Fisher Investments Editorial Staff
Market Risks

A Retrospective Call for Introspection

By, 05/09/2011

Story Highlights:

  • A year ago, the “Flash Crash” sent stocks on a volatile ride.
  • The event also sent politicians and regulators scrambling for a “fix.”
  • But in reality, the “Flash Crash” brings lessons that aren’t for regulators, they’re behavioral finance lessons for investors.

A year ago Friday, the dominant financial headline was an hour-long gyration in the equity markets commonly referred to as the “Flash Crash.” But with a year behind us, a factual perspective (see chart below) shows this is more of a non-event than was feared at the time. But nonetheless, the “Flash Crash” holds some important lessons for investors.

Source: Thomson Reuters, reflects S&P 500 total returns.

Friday, regulators and politicians opined far and wide the “Flash Crash” shows more regulation is needed—if nothing else, to protect the psyche and confidence of investors. We’re all for effective regulation. But there’s just no regulatory solution to correct all market volatility, and misguided regulation could easily yield broader unintended consequences. For example, regulators’ attempts to smooth out onion prices in 1958 led them to ban futures trading for onions. However, onion prices are now more volatile than other assets that do have futures trading—surely not the intended outcome.

So how to think about the “Flash Crash” in retrospect? It’s not cause for seeking a mythological regulatory cure-all, but rather a one-day course in behavioral finance with a very broad application. The lesson: You simply can’t approach markets seeking to prevent all possibility of negative volatility. This is a challenge for many investors who, after a terrible experience we don’t discount in 2008, seemingly see a crisis redux in any market negativity. But this psychological bend leads to far more errors than successes—and likely led some to sell at the height of the “Flash Crash” and miss the roughly 22% S&P 500 returns since.

Many investors miss the fact opportunity missed can be just as harmful to achieving investment objectives in the long term as money lost. If you’re an investor with goals or needs requiring equity-like returns for some, or all, of your portfolio, then missing potential positive returns means limiting the power of compound growth, which increases the risk of not reaching your long-term objectives. That’s a simple fact, but investors frequently struggle with it when volatility strikes.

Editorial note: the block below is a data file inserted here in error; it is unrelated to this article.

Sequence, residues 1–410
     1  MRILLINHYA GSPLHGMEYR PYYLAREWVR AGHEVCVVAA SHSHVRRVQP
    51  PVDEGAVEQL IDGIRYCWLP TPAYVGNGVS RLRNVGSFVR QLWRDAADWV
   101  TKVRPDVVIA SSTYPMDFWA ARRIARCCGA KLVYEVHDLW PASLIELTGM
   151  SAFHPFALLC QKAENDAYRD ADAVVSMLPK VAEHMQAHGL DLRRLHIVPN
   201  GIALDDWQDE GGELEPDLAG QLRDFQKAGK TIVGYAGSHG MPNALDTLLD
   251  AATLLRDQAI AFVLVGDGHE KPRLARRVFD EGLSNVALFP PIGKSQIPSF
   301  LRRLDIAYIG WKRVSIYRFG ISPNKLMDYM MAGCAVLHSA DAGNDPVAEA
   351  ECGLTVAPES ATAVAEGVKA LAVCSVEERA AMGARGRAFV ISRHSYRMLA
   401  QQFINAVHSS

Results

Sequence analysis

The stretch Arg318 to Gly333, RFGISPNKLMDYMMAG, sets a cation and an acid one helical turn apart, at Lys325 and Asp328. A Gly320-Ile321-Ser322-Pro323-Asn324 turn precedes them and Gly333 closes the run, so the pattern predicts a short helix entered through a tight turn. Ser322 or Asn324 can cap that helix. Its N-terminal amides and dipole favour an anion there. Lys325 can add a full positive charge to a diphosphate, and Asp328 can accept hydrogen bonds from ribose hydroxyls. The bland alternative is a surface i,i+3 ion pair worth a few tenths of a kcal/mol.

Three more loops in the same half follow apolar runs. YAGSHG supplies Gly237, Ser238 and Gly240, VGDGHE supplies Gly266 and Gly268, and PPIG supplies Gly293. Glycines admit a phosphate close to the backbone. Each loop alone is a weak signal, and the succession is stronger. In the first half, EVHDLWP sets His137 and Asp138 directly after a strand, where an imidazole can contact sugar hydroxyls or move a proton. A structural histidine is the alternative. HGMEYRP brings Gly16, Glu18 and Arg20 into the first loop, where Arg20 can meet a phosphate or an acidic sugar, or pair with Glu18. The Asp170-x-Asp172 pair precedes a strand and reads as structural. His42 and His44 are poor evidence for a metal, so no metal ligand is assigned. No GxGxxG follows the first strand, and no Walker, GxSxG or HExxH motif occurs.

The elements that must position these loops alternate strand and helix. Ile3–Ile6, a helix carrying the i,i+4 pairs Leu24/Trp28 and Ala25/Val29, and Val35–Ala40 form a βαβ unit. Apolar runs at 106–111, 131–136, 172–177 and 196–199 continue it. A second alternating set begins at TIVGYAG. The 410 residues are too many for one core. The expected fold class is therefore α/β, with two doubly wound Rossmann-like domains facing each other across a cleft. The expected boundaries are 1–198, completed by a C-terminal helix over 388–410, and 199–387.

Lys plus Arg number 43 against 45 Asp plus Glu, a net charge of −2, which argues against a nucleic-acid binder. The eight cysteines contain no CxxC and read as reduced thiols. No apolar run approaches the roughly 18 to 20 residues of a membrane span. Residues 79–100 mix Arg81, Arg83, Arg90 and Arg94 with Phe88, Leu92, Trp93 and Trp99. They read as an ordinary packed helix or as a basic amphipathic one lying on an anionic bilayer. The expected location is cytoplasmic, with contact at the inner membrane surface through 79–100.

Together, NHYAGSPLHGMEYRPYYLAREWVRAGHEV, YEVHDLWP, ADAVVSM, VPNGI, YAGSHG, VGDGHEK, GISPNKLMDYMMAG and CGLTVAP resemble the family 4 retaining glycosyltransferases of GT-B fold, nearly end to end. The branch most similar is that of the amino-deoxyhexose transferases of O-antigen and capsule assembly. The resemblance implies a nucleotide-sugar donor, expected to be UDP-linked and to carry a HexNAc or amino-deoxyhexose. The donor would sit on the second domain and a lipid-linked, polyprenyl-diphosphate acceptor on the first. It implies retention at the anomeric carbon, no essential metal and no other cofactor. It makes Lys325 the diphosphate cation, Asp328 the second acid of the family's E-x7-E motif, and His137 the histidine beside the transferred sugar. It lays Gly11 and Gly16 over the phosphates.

If the “Flash Crash” impacted the way you approach investing, forget the chart above and look at the below.

Source: Thomson Reuters, reflects S&P 500 total returns.

It’s the same chart, minus the arrows and dates. Not so easy to pick out the “Flash Crash” is it?  So why does the event still seem huge in the minds of some? Myopic loss aversion.

In general, investors tend to feel losses far more than they appreciate gains—even if the magnitude of the gain outweighs the loss. This psychological trap leads many to repeat investing errors, like acting out of fear when confronted with negativity. And that has a far broader application than just fleeting events like the “Flash Crash.”

Over the long term, investors falling prey to myopic loss aversion and acting on emotion has created as many (if not more) problems than a volatile day, week, month, or even a bad year. Now, there are times when it makes sense to exit markets, but those are rare relative to the times an equity investor should be in stocks. What investors seeking equity-like returns truly cannot afford is to be scared out of markets at the wrong time because of psychological biases rooted in a gut interpretation. Understanding how and why investors respond the way they do is an important step toward avoiding potential investing mistakes. And that’s a positive lesson brought by the “Flash Crash.”

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*The content contained in this article represents only the opinions and viewpoints of the Fisher Investments editorial staff.


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